But most everyone is beginning to realize the Ikon(Base)Pass is a great value. Unless you really have to ski and ride on those packed holiday blackout dates (I’m sorry). For southern California Mammoth lovers it is really a great deal; relatively quick flights will get you to new terrain on top of access to Mammoth. And Vail Resorts is adding new (unowned) ski areas to the Epic Pass. We are in ski pass wars for now. Let’s hope it stays that way. A mailer I received stated the the best Ikon Pass deals were good through April 9. After that they are likely to go up a $100.
One 75-year old Mammoth property owner told me he really likes the new pass; he can still come ski Mammoth with his grandkids but he will go to Utah and Colorado to “get away from the damn snowboarders.”
And in classic Intrawest marketing style, an Alterra press release this past week announced the first $555 million in capital investment in their resorts over the next five years. The next two years at Mammoth will see an “innovative redesign” of Canyon Lodge. It will become “the Day Lodge of the future.” Oh boy! The consensus in town is that Canyon Lodge should be bulldozed. And while other resorts are getting new gondolas (Winter park, Squaw/Alpine) Mammoth will continue to inconvenience the Village Gondola riders by making them get off at Canyon Lodge and find a chairlift to ride. The “innovative” plans haven’t been made public yet, but the rumor around town is that the coveted season lockers will be history. I see another protest coming.
The other Mammoth improvement will apparently be Rusty’s zip line from top to bottom. I wonder if they plan to have a permanent cardiologist available as part of the “adrenaline-pumping thrill experience?” Or maybe it will be sponsored by Mammoth Hospital? This may last as long as the infamous People Mover.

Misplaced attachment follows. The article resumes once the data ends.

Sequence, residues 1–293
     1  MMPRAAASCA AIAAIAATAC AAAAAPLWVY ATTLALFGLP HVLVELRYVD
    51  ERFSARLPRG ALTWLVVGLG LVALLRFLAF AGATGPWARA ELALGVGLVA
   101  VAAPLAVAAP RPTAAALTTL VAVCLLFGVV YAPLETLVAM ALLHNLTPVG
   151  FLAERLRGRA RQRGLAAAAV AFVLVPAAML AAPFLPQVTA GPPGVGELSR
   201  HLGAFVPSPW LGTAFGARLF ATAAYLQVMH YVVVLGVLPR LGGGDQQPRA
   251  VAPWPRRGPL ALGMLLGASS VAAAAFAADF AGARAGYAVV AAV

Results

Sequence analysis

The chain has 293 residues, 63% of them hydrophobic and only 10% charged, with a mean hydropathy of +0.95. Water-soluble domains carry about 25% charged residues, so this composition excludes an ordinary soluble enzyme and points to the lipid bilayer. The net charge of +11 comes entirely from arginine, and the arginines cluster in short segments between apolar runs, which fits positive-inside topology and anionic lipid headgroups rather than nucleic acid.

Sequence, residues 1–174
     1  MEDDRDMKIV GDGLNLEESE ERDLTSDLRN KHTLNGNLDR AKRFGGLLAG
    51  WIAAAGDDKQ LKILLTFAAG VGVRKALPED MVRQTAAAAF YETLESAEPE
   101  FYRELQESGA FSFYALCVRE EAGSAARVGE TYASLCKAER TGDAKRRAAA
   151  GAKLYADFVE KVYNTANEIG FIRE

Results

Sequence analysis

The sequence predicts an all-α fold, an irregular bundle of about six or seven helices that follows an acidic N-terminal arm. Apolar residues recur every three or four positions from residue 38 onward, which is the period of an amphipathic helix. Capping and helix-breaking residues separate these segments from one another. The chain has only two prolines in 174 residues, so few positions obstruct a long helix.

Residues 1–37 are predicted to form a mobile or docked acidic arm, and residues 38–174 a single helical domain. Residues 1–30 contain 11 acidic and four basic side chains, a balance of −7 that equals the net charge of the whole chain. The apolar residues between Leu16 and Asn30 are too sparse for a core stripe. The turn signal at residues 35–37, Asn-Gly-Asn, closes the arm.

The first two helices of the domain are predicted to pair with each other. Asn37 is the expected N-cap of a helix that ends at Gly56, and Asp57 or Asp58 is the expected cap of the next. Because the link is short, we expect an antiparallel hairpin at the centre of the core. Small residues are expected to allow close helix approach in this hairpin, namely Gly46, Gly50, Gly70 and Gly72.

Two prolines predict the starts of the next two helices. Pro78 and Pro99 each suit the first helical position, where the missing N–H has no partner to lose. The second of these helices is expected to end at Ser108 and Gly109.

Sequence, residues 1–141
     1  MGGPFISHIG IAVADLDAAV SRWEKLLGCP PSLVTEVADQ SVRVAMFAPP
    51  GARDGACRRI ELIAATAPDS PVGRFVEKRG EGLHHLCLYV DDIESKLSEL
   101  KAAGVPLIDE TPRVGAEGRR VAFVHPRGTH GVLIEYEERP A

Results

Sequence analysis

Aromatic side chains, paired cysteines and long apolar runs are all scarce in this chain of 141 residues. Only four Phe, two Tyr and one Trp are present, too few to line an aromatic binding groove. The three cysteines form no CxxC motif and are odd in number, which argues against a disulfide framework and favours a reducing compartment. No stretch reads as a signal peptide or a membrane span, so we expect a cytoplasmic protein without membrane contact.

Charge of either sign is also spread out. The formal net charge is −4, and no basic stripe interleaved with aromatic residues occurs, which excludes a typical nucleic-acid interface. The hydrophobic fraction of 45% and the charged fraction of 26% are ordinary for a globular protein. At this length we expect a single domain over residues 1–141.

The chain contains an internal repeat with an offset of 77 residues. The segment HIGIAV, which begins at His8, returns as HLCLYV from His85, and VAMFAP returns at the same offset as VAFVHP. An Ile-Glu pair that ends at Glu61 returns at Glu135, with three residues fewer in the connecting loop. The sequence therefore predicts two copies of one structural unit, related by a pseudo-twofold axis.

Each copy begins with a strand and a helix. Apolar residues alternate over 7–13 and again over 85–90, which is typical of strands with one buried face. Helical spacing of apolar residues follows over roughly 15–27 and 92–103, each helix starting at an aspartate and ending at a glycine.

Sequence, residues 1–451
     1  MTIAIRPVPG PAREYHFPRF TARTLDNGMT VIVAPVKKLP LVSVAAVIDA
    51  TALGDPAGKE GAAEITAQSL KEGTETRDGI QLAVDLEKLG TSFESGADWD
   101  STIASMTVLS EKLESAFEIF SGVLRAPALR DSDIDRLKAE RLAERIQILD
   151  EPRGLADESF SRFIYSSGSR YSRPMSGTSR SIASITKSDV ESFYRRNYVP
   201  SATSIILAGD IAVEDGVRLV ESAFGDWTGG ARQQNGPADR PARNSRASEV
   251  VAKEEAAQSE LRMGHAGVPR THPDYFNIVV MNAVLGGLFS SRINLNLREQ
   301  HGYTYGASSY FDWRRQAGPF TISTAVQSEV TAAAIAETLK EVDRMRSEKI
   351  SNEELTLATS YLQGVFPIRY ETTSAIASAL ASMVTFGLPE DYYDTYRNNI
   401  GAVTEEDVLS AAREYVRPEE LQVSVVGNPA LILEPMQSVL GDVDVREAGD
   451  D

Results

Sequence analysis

Some of Alterra’s other plans include upgrading the snowmaking capabilities at various resorts. Mammoth has learned the value of quality snowmaking; without complete gondola mobility on the resort, precise and targeted snowmaking is essential. Riding in a gondola over dirt is much easier than skiing on it.  
The Town Council candidates are set for the June 5 election and they are a good group of knowns and unknowns. But now the fun starts. The public Q&A sessions will start, articles and interviews in the local papers, campaign platforms produced, etc.. We’ve got about 80 days until the election and (most of) the real issues are already on the table. The only incumbent has been pro Ice Rink all along. We’ll see if he waffles, makes good argument, or what stand the others take.
Speaking of the Ice Rink, the saga becomes more painful all the time. The Town staff is now recommending deferring millions of dollars of scheduled recreation facility maintenance and improvements in order to pay the shortfall for the Ice Rink funding. Including letting Whitmore Pool go to the dogs. So the philosophy of the Town staff would be to forego new tires and brakes on our daily commuter to pay for a new sports car. Is this the new American way? The Town Manager was even quoted in The Sheet that it is possible that we could be building something that may never be completed. Great.